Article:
Montana State University

MSU College of Nursing wins grant to support nurse practitioner students

October 15, 2012 -- MSU News Service

Subscribe to MSU Newsletters

Bobcat Bulletin is a weekly e-newsletter designed to bring the most recent and relevant news about Montana State University directly to friends and neighbors via email. Visit Bobcat Bulletin.

MSU Today e-mail brings you news and events on campus thrice weekly during the academic year. Visit the MSU Today calendar.

MSU News Service
Tel: (406) 994-4571
Montana State University graduate nursing students who are studying to become primary care nurse practitioners may receive up to $9,000 per year for two years, thanks to a grant that was awarded recently to the MSU College of Nursing.

The Advanced Education Nursing Traineeship grant (grant number A10HP25161), from the U.S. Department of Health and Human Services' Health Resources and Services Administration, will assist MSU nurse practitioner students with tuition and fees. The grant provides $346,000 to MSU each year for two years, subject to the availability of funding.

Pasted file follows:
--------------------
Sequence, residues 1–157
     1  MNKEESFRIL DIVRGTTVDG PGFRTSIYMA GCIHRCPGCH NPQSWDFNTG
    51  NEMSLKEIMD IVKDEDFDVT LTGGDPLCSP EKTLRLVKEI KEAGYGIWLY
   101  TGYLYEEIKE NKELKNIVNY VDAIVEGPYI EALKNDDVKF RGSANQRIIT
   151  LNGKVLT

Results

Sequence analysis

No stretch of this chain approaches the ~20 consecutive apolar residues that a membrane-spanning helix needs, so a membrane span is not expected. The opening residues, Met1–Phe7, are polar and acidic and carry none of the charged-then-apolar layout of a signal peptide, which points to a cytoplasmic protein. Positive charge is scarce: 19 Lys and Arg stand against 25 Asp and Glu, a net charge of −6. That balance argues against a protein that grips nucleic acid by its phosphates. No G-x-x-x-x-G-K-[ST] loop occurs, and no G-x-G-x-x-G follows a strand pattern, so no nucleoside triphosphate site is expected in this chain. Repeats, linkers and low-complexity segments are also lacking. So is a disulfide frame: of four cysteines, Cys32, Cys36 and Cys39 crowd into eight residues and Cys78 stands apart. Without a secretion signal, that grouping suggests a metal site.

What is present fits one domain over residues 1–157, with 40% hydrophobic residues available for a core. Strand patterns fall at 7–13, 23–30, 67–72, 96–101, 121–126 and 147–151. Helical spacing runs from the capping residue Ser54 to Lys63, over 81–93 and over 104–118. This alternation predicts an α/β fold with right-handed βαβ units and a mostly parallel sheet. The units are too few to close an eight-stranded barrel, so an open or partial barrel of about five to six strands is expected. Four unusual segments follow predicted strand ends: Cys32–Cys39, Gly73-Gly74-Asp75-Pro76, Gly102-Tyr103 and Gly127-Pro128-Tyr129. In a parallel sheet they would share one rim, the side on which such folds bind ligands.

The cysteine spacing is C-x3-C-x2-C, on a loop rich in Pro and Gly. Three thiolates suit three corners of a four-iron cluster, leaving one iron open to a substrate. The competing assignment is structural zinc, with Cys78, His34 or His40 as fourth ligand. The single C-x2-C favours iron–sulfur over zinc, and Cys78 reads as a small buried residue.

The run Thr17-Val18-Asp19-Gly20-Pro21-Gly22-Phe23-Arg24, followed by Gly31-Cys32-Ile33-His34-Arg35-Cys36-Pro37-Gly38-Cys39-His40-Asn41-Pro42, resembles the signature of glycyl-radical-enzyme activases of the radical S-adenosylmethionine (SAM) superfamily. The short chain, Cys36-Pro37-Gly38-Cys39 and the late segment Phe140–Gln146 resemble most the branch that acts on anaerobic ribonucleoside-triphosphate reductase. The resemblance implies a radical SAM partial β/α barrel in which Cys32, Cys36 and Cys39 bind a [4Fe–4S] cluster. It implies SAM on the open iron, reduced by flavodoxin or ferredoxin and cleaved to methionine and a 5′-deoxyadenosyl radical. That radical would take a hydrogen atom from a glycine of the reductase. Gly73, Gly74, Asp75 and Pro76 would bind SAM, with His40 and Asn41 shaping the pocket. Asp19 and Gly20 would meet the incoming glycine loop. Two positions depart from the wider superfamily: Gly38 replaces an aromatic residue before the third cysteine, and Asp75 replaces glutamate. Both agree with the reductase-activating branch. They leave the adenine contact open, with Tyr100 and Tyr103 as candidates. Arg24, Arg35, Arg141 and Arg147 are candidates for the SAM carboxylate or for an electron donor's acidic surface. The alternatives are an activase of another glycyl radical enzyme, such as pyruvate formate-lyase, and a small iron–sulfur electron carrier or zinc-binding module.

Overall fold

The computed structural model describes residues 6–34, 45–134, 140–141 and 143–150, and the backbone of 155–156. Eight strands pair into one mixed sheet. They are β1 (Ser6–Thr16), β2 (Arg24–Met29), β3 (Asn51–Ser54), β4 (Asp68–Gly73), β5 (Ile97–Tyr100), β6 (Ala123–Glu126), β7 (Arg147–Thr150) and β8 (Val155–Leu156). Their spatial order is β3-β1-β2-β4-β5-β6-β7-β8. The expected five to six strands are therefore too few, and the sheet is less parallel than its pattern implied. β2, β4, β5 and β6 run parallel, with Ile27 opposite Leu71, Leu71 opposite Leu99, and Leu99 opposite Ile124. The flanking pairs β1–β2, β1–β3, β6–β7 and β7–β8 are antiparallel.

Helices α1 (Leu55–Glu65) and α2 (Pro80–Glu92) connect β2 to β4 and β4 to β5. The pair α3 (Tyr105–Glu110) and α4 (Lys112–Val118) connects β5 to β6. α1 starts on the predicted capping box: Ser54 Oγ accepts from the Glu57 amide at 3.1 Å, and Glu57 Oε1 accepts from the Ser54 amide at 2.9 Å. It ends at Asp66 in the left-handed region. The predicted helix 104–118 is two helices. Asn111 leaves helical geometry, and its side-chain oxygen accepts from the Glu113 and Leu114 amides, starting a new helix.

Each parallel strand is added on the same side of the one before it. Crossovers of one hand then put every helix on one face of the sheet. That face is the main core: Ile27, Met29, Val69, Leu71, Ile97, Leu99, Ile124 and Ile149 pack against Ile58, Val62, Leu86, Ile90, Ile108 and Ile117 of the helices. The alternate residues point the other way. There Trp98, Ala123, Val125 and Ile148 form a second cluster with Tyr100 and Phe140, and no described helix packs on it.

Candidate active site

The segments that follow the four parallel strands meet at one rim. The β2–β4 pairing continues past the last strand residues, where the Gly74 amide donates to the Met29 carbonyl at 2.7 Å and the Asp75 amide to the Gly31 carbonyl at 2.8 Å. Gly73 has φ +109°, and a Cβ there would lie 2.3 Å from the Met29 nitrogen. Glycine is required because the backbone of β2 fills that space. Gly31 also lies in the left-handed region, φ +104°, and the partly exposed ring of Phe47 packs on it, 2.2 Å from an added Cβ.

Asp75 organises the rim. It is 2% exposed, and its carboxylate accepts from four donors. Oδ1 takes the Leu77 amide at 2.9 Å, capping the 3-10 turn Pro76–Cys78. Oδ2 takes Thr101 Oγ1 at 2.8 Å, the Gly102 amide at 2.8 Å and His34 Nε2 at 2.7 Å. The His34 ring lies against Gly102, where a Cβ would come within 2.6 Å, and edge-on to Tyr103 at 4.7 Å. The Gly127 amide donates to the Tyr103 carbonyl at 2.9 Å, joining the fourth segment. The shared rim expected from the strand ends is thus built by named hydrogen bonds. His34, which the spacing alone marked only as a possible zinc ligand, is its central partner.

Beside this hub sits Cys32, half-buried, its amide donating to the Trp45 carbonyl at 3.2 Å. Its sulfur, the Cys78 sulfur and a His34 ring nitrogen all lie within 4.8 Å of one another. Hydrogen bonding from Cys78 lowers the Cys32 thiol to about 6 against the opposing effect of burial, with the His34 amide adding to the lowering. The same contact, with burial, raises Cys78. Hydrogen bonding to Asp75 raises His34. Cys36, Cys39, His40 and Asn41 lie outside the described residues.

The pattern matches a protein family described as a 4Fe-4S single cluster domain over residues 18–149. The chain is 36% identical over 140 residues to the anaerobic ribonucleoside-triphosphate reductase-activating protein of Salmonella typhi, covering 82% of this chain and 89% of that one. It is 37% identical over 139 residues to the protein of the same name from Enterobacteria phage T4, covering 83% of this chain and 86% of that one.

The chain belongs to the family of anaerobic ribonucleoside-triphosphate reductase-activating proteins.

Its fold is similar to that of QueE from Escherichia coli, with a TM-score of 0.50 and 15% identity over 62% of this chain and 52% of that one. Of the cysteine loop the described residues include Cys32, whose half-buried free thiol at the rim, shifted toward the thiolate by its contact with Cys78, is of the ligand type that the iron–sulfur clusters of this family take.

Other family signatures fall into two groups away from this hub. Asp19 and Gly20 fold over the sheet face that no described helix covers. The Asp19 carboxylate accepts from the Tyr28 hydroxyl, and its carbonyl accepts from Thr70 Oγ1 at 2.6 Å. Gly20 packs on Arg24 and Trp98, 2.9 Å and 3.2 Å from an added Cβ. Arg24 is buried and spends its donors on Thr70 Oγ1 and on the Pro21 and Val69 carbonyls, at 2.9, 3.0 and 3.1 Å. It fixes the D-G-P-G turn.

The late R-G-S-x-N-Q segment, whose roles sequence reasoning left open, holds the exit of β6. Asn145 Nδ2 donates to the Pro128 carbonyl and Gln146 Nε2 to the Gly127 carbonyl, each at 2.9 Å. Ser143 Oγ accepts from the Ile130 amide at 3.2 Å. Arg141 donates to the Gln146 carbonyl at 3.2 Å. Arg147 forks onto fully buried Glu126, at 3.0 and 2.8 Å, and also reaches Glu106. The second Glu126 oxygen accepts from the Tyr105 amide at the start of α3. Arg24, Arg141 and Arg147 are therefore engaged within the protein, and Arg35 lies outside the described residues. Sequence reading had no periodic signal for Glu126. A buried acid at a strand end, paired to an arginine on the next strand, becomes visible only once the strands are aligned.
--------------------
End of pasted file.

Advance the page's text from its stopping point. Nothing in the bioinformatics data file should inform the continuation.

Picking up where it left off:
All MSU nurse practitioner students who apply for the traineeship money will receive up to $9,000 per year, and the amount each student receives will be dependent on their chosen plan of study and credit load, according to Helen Melland, dean of the MSU College of Nursing. Students may apply for the traineeship money in the fall. One hundred percent of the program costs are financed with federal money, Melland added.

"We are thrilled to be able to provide this assistance to our students," Melland said. "This support will help them progress through the graduate program, enable them to enter the workforce, and, in turn, benefit those who need their care."

The MSU College of Nursing offers a master's of nursing degree with options in family nurse practitioner and family psychiatric mental health nurse practitioner. The options focus on primary or mental health care in rural settings and are accessed via distance delivery. The programs can be completed in five semesters.

Graduates are prepared to provide primary or mental health care in a variety of settings in rural underserved areas. They are engaged in education, case management, expert clinical practice, consultation, research and administration. Graduates also are eligible to seek national certification through the American Nurses Credentialing Center and to apply for advanced practice registered nurse licensure in Montana.

For more information, visit

Contact: Helen Melland,